June 20, 2012
Firm picked to design city gateway
Improvements intended to attract more traffic downtown will depend on grant funding
A Syracuse-based engineering firm will design a more attractive gateway to downtown Cortland.
On Tuesday, the city Common Council approved a $30,000 contract with the firm, C&S Companies.
The company said it would work with the public to create a more attractive entrance into downtown Cortland from Interstate 81’s Exit 11.
“What I’d really like to have is a gateway design that the community is really proud of,” said Mike Gridley, a landscape architect for the firm. “We want to work with the community.”
Gridley said the gateway will help guide residents to downtown Cortland.
Gridley said the project could likely include lighting, landscaping, pavement markings and public art displays, but added that the final design will ultimately be guided by community input.
He said the goal is to create a “sense of place” for residents, pedestrians, bicyclists and travelers.
In March, the city received 11 packets from firms interested in doing the work. The Syracuse firm was picked this month after interviews with four finalists in April. A group of city officials interviewed the final firms.
Richard Cunningham, program manager for Cortland-based Thoma Development Consultants, said last month that C&S had “a wealth of well-rounded qualifications,” including managers with expertise in landscape architecture, engineering, transportation and traffic analysis and public outreach.
Thoma Development prepared the requests for qualifications for the project.
City officials say they want to get more travelers as they drive by Cortland. More than 17,000 vehicles travel on Clinton Avenue near the Riverside Plaza every day, according to the state Department of Transportation. But just under 6,500 vehicles travel on Main Street between the Groton Avenue and Port Watson Street intersections.
The firm will work with city officials and the general public to design a better entryway into downtown from the interstate. The goal for the project is to refurbish the area near Pomeroy Street and Clinton Avenue to let people know how to get downtown.
A steering committee of city officials, businesses and residents interviewed the four firms and will help guide the design process with C&S. The public will also give input during meetings this summer.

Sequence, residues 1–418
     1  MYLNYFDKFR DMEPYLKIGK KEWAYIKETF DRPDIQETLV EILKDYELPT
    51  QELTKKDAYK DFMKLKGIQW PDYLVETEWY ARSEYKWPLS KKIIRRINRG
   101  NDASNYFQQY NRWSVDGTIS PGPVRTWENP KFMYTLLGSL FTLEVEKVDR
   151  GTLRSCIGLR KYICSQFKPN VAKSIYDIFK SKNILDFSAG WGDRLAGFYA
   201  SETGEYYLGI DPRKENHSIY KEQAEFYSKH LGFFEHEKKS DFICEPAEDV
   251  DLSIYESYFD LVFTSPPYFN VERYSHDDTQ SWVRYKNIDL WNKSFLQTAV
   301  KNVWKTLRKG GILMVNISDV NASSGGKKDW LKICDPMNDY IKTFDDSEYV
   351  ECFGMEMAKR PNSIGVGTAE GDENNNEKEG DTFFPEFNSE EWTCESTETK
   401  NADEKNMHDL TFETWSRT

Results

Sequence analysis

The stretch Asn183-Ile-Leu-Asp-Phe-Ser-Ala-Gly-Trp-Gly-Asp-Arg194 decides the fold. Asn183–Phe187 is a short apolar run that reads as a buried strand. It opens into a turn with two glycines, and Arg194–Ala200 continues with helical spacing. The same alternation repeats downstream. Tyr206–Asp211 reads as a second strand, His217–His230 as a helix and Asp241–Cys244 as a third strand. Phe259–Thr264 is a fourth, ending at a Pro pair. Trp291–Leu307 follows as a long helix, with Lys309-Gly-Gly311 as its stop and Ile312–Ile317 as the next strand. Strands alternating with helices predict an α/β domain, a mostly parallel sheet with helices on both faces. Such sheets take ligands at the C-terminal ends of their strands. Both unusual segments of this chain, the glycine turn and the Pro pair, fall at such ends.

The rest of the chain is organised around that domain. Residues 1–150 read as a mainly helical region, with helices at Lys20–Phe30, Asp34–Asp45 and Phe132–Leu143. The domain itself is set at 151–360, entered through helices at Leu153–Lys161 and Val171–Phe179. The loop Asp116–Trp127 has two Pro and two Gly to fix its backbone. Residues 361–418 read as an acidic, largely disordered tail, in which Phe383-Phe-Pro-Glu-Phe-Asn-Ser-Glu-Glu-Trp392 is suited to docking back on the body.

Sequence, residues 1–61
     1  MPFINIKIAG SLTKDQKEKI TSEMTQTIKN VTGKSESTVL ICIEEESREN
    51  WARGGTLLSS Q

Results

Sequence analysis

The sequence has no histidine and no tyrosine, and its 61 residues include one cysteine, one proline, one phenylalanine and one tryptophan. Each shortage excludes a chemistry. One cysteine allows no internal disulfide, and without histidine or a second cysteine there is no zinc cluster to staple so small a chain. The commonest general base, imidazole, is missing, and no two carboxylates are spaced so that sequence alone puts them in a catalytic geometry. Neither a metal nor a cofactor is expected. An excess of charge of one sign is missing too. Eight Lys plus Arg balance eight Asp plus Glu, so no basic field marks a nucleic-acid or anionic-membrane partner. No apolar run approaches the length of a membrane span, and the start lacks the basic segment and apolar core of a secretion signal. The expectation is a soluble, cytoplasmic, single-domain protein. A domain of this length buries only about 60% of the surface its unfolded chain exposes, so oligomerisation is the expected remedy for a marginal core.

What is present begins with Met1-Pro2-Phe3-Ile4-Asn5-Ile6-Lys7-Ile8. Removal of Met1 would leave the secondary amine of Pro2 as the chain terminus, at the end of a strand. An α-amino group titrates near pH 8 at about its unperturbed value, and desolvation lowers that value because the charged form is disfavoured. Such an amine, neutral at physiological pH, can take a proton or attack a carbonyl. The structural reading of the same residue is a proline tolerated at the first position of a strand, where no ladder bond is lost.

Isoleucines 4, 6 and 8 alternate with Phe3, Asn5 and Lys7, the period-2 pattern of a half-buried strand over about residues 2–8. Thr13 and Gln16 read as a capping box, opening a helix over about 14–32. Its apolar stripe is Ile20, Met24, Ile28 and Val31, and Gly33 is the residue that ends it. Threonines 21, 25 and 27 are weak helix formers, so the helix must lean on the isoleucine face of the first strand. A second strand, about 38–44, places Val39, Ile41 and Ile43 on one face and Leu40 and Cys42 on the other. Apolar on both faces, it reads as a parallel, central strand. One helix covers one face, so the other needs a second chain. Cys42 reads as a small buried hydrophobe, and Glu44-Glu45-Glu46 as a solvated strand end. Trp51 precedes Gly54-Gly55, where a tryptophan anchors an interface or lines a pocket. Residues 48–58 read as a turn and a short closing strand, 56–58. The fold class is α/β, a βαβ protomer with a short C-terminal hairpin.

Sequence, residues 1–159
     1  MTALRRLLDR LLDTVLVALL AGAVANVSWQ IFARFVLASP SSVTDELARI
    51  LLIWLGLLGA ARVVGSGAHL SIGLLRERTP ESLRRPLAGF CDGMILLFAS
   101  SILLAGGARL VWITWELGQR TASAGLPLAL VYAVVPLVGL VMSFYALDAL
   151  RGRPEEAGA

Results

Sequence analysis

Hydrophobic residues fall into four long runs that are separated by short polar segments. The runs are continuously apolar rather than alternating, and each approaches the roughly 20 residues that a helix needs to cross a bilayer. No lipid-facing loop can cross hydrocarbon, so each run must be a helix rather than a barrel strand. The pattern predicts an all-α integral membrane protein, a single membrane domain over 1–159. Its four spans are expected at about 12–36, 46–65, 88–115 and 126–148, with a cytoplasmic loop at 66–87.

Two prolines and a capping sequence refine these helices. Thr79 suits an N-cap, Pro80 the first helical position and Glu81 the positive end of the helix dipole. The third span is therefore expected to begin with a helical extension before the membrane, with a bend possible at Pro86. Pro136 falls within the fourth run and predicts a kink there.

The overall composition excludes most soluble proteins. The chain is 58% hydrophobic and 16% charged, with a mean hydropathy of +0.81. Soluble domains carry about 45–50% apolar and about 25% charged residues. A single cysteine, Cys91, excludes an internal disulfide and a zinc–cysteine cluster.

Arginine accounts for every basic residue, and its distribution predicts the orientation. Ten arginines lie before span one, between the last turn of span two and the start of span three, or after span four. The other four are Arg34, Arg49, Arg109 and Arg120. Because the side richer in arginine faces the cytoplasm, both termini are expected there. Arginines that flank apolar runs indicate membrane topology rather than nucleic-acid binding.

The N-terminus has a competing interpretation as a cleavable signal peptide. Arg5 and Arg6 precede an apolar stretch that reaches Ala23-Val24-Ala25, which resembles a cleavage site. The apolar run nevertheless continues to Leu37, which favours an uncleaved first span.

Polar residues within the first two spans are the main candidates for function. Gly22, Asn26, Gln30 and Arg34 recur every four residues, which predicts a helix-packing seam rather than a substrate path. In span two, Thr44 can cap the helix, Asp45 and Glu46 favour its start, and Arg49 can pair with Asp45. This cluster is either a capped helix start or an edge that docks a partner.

Alderman Katy Silliman (D-2nd Ward) asked the representatives from the firm if they planned to seek input from residents living near the project. She said they would need “buy-in” from people on Clinton Avenue for the project.
Gridley said the community workshops will begin this summer and that the firm would seek input from residents living on Clinton Avenue.
The development of the actual gateway will ultimately hinge on funding. The city would likely do the gateway project in phases as it receives grants, but no target price for the project has been set.
Gridley said the completed design will give the city leverage as it looks for grant funding for the project.
He expected to have the final design completed by the fall.
In other news, the city will apply for a $250,000 state grant to help rehabilitate upperfloor units on Main Street, said Linda Armstrong, program manager for Thoma Development Consultants.
The grant application is still being finalized, but Armstrong said it would focus on the rehabilitation of buildings on Main Street, particularly between West Court Street and Central Avenue. She said the money could potentially go to rehabilitating facades and upper floor apartments.
The council approved the grant application 8-0. It should hear back on approval of the application later this year.
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